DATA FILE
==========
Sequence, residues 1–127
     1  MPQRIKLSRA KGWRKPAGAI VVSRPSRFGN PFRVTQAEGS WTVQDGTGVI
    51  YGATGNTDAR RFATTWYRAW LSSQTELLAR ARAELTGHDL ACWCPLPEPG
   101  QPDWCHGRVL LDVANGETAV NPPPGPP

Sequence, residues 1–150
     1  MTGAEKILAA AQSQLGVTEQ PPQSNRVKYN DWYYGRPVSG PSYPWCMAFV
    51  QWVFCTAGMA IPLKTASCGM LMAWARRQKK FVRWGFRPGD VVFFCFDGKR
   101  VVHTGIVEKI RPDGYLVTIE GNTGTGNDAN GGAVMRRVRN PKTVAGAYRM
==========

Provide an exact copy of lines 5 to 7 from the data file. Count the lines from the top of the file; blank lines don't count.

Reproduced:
Sequence, residues 1–150
     1  MTGAEKILAA AQSQLGVTEQ PPQSNRVKYN DWYYGRPVSG PSYPWCMAFV
    51  QWVFCTAGMA IPLKTASCGM LMAWARRQKK FVRWGFRPGD VVFFCFDGKR